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  • Events | Williams Foundation

    EVENTS Our events are a fusion of influential ideas and powerful networking opportunities Our events attract an influential cross-section of Defence leaders, researchers and industry practitioners to share international and local experiences around future force thinking. Whether it be our day-long conferences, or our popular luncheon series, they're proven to be forums that offer focused, sharp insights that generate crucial ideas for the future. Upcoming Events Errol McCormack Member Lunch with ADM Phil Davidson, USN (ret.) 09 Nov, 12:15 pm – 2:30 pm AEDT The Boathouse By the Lake, Menindee Dr, Barton ACT 2600, Australia Members Lunch event Register Now Errol McCormack Member Lunch with Dr. Steven H. Walker, Vice President and Chief Technology Officer, Lockheed Martin 28 Nov, 12:15 pm – 2:30 pm AEDT The Boathouse By the Lake, Menindee Dr, Barton ACT 2600, Australia Members Lunch event Register Now Event Proceedings Download presentation packs, speeches and other materials from our previous events. Reliable Supply Chains, Defence, Partners and Allies: Shaping a Way Ahead for Australia Resilient communications in contested environments Preparing for Major Change in Australian Defence: The September 2022 Williams Foundation Seminar MORE PROCEEDINGS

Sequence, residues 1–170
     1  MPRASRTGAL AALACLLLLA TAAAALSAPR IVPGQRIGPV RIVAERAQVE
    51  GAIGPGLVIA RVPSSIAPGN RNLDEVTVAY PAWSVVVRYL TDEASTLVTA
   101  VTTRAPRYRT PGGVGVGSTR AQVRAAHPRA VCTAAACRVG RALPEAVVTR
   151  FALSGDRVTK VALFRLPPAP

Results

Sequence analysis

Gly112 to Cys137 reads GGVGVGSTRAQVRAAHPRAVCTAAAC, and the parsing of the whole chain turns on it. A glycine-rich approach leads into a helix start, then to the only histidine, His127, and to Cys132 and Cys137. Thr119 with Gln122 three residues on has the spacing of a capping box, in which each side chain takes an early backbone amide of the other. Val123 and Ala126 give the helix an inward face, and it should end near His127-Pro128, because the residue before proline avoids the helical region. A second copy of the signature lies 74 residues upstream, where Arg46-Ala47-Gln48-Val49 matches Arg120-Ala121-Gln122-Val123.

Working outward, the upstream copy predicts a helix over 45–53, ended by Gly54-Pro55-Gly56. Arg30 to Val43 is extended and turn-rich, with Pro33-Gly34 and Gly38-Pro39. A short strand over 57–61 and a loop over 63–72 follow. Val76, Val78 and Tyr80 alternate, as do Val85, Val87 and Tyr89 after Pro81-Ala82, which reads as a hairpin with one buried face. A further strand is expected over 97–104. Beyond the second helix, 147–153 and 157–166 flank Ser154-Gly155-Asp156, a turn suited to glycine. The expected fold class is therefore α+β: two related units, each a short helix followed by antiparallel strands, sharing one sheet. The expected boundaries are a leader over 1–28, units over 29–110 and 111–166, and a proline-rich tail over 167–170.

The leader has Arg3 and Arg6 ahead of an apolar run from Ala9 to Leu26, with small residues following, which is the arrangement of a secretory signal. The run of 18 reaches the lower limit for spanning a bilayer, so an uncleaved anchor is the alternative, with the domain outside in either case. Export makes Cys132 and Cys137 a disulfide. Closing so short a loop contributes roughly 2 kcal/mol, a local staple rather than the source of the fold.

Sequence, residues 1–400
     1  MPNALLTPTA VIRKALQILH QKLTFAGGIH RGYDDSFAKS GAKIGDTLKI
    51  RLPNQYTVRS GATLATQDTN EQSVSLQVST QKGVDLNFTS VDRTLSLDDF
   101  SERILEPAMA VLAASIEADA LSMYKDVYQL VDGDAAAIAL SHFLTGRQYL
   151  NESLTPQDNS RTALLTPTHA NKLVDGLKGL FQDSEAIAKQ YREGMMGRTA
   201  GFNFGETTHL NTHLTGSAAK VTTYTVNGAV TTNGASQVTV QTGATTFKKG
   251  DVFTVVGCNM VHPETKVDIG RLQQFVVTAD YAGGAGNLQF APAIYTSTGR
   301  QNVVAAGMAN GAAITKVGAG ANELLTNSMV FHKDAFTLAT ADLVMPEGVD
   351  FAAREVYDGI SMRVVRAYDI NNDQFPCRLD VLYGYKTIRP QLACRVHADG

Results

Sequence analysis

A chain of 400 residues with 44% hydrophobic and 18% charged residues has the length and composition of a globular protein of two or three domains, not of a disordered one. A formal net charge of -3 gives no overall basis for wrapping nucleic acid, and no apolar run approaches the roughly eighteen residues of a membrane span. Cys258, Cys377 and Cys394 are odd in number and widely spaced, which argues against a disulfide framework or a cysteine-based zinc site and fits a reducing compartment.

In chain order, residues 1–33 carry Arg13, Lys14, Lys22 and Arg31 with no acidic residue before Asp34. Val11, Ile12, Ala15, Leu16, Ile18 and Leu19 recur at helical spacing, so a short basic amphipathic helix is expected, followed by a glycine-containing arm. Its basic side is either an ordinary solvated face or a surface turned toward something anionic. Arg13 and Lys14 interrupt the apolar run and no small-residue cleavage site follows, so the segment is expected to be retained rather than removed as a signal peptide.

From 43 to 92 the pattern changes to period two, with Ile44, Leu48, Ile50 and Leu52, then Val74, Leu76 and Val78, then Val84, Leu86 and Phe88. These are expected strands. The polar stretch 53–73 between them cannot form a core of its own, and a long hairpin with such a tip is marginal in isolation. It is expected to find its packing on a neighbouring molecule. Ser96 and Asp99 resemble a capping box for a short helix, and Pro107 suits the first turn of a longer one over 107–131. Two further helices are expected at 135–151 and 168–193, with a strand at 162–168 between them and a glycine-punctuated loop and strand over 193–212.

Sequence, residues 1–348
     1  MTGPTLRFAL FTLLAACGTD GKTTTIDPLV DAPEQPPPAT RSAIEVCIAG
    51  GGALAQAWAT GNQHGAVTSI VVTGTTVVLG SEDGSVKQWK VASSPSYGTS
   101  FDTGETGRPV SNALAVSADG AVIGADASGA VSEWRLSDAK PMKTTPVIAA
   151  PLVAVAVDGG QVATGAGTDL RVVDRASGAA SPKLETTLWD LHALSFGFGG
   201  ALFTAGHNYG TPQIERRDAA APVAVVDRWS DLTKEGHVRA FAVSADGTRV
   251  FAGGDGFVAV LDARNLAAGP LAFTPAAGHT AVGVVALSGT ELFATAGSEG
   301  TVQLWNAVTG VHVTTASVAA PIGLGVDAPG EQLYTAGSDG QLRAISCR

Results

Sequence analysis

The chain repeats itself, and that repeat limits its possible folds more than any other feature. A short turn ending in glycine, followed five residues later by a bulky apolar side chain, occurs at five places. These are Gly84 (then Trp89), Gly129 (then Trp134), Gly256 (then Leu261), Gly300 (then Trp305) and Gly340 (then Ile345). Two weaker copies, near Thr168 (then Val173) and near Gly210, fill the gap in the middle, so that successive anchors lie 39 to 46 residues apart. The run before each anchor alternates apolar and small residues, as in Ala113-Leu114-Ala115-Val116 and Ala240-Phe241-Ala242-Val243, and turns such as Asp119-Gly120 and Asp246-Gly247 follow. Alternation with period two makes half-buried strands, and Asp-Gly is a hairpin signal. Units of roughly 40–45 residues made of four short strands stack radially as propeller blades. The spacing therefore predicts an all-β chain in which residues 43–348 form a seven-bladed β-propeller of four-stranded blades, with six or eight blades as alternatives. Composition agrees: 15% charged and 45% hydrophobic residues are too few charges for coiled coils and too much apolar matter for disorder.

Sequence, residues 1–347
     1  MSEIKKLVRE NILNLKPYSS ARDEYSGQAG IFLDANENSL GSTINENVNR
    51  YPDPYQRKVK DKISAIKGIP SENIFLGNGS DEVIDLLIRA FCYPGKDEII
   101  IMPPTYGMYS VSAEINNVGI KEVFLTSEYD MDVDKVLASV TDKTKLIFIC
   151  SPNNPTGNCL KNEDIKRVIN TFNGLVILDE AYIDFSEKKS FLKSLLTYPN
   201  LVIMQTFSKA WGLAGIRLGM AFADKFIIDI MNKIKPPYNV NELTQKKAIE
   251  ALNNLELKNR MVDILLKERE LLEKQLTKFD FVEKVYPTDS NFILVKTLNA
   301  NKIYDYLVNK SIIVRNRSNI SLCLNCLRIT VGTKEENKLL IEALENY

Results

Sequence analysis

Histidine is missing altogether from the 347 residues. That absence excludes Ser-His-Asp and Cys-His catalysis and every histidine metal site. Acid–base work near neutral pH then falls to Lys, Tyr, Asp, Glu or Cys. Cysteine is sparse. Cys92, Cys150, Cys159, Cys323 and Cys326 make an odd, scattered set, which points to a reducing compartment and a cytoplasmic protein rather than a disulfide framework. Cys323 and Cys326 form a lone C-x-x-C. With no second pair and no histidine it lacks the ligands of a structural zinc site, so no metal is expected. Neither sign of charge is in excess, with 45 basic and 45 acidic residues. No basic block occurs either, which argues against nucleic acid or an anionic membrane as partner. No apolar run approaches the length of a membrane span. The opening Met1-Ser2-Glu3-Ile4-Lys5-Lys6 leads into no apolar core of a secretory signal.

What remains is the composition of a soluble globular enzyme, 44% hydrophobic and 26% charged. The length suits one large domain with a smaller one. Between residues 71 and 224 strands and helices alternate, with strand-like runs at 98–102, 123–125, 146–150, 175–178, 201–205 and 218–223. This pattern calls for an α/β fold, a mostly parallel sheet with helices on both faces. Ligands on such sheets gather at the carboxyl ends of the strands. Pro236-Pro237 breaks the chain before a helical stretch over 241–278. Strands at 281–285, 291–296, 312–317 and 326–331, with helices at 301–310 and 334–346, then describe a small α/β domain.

• Research | Williams Foundation